the street. Skaret said this would better enable clearance for all vehicles
especially emergency vehicles.
Skaret said Ordinance No. 99 would be in effect for 30 days or if the Mayor
declares that the emergency is over whichever is earlier. He said the 30 day
emergency period would end on April 5th. Skaret said hopefully conditions would
be better by that time. He said if conditions have not improved, the City Council
could extend the emergency at their April 2nd regular meeting.

Skaret said the narrow streets are getting to be a pretty serious situation in a
lot of areas of town. He explained Ordinance No. 99 would take effect on
Thursday, March 7th at 12:01 a.m. Skaret said that would give the City over 24
hours to inform the public before the ordinance went into effect. He said the City
would hopefully have help from the local radio stations and newspaper in
spreading the word. Skaret said information would also be posted on the City’s
website and Facebook page and in every way the City knows how to spread the
Cushman asked what would be the fine for someone who is in violation of
the ordinance.
Attorney Anderson said it would be a petty misdemeanor unless the violation
would result in endangering property or people. He explained a second violation
would become a misdemeanor. Attorney Anderson said the penalty for a
misdemeanor is 90 days in jail and/or a $1,000 fine and the penalty for a petty
misdemeanor is a $300 fine. He said whether the Court would actually impose
those penalties or not would be up to the judge.
Attorney Anderson said if a person’s vehicle parked on the wrong side of the
street impedes a fire truck trying to get to a fire or an ambulance trying to get to a
call it will be a misdemeanor. He said if it’s a situation where someone is just
parked on the wrong side of the street, it will be a petty misdemeanor for the first
violation and a second violation would become a misdemeanor.
Cushman noted it should be understood that the City is not imposing the
emergency ordinance to residents, but doing it for them.
Skaret concurred saying imposing Ordinance No. 99 is not to punish residents,
but is being imposed to keep the streets accessible so a fire truck, ambulance or
law enforcement vehicle can get to a residence if someone needs assistance in an
Gay asked if any vehicles would be towed.
Alderman Anderson said there would have to be a warning issued first to
move the vehicle before it could be towed.
Cushman asked if a similar emergency ordinance could be adopted during the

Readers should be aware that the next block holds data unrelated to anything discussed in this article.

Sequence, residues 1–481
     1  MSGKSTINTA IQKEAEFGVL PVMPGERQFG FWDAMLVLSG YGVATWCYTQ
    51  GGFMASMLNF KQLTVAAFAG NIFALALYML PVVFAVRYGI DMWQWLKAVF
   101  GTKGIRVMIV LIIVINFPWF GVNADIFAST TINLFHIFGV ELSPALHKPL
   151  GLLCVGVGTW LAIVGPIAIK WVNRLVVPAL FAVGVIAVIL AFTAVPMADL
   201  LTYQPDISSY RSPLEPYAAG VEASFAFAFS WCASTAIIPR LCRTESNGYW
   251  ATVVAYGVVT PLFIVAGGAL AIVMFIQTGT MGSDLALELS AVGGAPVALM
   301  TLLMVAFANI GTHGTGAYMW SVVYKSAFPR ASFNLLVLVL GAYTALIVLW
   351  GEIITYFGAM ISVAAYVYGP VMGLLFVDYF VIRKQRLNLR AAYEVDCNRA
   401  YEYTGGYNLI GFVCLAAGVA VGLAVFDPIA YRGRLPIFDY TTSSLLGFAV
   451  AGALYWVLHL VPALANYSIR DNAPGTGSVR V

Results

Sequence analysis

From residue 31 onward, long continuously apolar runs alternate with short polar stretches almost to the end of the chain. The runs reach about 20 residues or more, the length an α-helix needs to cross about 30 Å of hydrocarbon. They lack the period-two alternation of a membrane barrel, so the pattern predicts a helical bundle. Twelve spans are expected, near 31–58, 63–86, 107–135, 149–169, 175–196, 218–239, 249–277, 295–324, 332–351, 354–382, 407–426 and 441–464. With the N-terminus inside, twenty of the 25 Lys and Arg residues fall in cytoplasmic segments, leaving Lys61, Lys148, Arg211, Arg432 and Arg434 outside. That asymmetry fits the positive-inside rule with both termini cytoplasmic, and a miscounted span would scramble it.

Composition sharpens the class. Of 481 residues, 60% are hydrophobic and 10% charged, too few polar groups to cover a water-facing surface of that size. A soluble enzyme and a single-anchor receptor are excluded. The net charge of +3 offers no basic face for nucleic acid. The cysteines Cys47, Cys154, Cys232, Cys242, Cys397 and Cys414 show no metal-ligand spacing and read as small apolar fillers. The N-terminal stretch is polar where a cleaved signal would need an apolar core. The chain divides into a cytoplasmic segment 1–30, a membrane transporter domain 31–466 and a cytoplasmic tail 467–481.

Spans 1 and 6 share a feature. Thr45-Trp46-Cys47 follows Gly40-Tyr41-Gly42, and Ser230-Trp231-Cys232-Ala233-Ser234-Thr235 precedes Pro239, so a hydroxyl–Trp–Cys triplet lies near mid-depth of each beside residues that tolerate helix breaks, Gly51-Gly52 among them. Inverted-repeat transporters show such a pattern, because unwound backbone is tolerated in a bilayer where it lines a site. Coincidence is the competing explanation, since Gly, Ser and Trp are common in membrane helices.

summer months when there are a lot of boats and campers parked in spots on
the City’s streets where they shouldn’t be. He pointed out those boats and
campers also impede traffic on the streets.

Mayor Walter said he brought the issue to the City Council about the narrow
streets due to the amount of snow after a resident contacted him and said he
barely got through with his vehicle with two vehicles parked on both sides of the
street. He said there is an ordinance already on the books pertaining to the
parking of boats and campers on the City’s streets.
Alderman Anderson said illegal boat and camper parking on the streets would
be an ordinance violation.
If the City is going to enforce Ordinance No. 99, Cushman said he hopes the
City can enforce the ordinance regarding boat and camper parking in the summer.
Mayor Walter agreed.
Cushman said he understands Ordinance No. 99, but that doesn’t give a free
pass for boat and camper parking in the summer.
ANDERSON/GAY moved and it was unanimously carried to adopt Ordinance
No. 99 declaring a Local Emergency and Adopting Emergency Regulations
pertaining to on-street parking of vehicles on City streets in residential areas.


Skaret explained Matt Benson has a lease with the City of Jackson on about
165 acres of land by the airport. He said it’s a five year lease that started for the
2017 and 2018 crop years.
Skaret said for 2019, 2020 and 2021 the lease states that the lease rate shall
be negotiated depending on the current farm economy and the rental prices of
land in Jackson County.
Skaret said he, City Attorney Brad Anderson and Matt Benson met on March
5 . He said Attorney Anderson has provided numbers from the University of
Minnesota Extension Service regarding the average rent on cropland in Jackson
County. Skaret said the cropland rental rates have gone down in Jackson County
just like they have in all of the other counties in the area.
Right now, Skaret said the estimated anticipated rental rate for 2019 is $180
per acre. He said Benson did agree to continue paying the amount for tillable
acres at $185 per acre for the airport land. Skaret noted there is another parcel
of Garber/JEDC land that’s a little bit lesser quality of land at $170 per acre. He
said Benson is willing to pay those rental rates.